At the time of the loan’s closing, 12 lenders were involved, but that number grew to 18 as the leading banks passed on more pieces of the debt to other firms, Czop said. Wells Fargo, for one, ended up with about $170 million on its balance sheet.
The loan carries a floating interest rate of 350 basis points over Libor. It also comes with personal recourse — which industry sources say is typically between 20 and 30 percent for a project of that size. This means that if SL Green were to default on its loan, it would not only risk losing the project to foreclosure but could also be forced to cough up $375 million on top of that.
“If they had a building that was 80 percent leased, they likely wouldn’t have to do recourse,” said Christopher Delson, an attorney at Morrison & Foerster who represented TD Bank and JPMorgan in the debt deal.
Equity partners welcome
The $1.5 billion construction loan still left SL Green roughly $1.7 billion short — a large sum even for a major real estate investment trust. About three weeks after sending out its loan brochures, the company began looking for an equity investor to buy a 49 percent stake in the tower for more than $800 million.
“If SL Green wanted to own it outright, they are one of the few companies that can do it,” Delson said, referring to the REIT’s deep pockets. But bringing in outside partners has several potential advantages for the firm and its shareholders, he noted, such as lowering risk and upping the return on every dollar invested.
If all goes as planned, One Vanderbilt would follow in the footsteps of other big developments with incredibly intricate capital stacks. Related Companies, for example, brought in Oxford Properties as a partner for its Hudson Yards development in 2010 and later sold stakes in individual towers to other firms. And Brookfield Property Partners sold a 44 percent stake in its Manhattan West project to the Qatar Investment Authority in 2015.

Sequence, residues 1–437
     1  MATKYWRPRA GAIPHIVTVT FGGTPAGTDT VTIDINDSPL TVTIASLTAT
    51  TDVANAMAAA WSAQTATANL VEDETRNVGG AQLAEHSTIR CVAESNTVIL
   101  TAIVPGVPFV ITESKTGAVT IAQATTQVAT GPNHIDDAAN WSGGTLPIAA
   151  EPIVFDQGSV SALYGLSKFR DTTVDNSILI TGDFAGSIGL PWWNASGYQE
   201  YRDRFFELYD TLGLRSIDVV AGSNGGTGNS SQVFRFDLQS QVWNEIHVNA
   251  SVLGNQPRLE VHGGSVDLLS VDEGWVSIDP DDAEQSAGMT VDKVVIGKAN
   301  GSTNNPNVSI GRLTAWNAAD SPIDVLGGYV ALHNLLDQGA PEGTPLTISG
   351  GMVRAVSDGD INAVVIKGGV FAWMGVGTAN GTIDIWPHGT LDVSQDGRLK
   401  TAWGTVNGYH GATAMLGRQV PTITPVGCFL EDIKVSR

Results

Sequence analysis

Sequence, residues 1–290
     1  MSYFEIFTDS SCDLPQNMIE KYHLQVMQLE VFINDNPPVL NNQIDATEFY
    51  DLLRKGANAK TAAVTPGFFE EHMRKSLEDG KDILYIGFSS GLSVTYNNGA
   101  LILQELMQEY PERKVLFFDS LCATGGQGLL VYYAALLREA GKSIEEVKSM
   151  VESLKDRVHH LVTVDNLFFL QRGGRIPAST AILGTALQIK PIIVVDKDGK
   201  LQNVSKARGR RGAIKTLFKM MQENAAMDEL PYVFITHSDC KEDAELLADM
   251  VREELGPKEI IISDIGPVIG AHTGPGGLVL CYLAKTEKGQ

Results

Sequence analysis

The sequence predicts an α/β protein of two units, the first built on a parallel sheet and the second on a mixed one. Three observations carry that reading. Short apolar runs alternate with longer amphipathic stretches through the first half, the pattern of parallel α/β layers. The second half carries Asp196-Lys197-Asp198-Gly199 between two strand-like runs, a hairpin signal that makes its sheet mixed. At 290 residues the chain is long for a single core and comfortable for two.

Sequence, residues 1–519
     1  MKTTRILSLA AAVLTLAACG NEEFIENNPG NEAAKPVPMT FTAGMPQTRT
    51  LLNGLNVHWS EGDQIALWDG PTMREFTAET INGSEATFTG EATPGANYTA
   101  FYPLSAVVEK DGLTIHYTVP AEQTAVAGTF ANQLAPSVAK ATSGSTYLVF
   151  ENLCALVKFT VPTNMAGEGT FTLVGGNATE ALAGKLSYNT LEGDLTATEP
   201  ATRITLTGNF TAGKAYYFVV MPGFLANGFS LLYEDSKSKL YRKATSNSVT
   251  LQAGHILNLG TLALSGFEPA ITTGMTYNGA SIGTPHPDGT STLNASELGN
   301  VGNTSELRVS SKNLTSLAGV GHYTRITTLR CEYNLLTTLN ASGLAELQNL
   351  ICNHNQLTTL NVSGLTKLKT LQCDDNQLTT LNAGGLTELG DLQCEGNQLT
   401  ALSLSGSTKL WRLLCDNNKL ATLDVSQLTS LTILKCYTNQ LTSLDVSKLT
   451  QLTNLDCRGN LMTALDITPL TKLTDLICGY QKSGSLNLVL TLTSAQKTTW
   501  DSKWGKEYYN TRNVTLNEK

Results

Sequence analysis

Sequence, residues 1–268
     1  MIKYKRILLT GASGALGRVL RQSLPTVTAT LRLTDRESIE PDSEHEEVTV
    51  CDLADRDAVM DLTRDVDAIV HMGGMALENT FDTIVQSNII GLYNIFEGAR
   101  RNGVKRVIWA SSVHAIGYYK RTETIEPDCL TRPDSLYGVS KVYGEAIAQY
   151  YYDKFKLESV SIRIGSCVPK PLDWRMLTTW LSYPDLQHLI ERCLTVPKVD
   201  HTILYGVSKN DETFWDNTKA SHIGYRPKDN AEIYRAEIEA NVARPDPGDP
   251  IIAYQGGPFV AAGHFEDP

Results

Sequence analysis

SL Green reached out to the usual suspects, including Chinese, Japanese and Middle Eastern firms and sovereign wealth funds, for an equity injection. But the developer soon learned that the appetite for a $800 million-plus investment in a single skyscraper was limited, Schiffer said.
So SL Green decided to lower its expectations and sell a smaller stake — a move that quickly paid off.
On Jan. 26, 2017, SL Green announced that the National Pension Service of Korea had bought a 27.6 percent stake in the tower. The Texas-based investment and development firm Hines, which Schiffer said played a key role in bringing the pension fund into the project, took a 1.4 percent stake. Those investments will pump about $525 million of equity into the project, according to the developer’s announcement.
The construction loan, equity injection and planned EB-5 funding — which Schiffer called “relatively inexpensive capital” — bring SL Green to more than $2.2 billion, leaving the developer with a tab of roughly $1 billion.
Schiffer said the company does not plan to raise any more outside financing beyond EB-5 and will likely fund its share of the cost through a combination of its cash reserves and corporate credit facilities. That draws attention to one additional layer in the capital stack: SL Green’s CEO, Marc Holliday, and president, Andrew Mathias, both own small stakes in the project, according to a filing with the Securities and Exchange Commission.
Holliday paid $1.44 million, which entitles him to between 1.5 and 1.8 percent of profits. Mathias paid $960,000 for a stake that could net him between 1 and 1.2 percent of profits. The move was designed to “further strengthen the alignment of the interests” between the executives and the company, per the SEC filing.
SL Green expects One Vanderbilt to bring in $198 million a year in net operating income once the tower is built and fully leased, according to its base case calculation, Holliday said during a January 2017 earnings call. That figure assumes an average rental income of $155 per square foot.
For comparison’s sake, the owners of 1WTC — which is almost twice the size of One Vanderbilt but sits in a neighborhood with lower average rents — estimated in 2014 that the tower would generate $197 million in annual income once it was 95 percent leased, according to the Wall Street Journal.
If SL Green chose to sell One Vanderbilt after completion, a cap rate of 4 percent (the going rate for trophy tower sales) would value it at about $5 billion — nearly 60 percent more than the amount it cost to build.
But there are still uncertainties facing the tower’s funding. At the time of publication, federal lawmakers were still debating the future of the EB-5 visa program, which is set to expire on Jan. 19, barring a reauthorization.
And then, of course, there is the inevitable chance of construction delays and cost overruns — especially on a site as heavily trafficked as the corner of 42nd Street and Vanderbilt Avenue.
“Big projects just attract complications,” Delson said.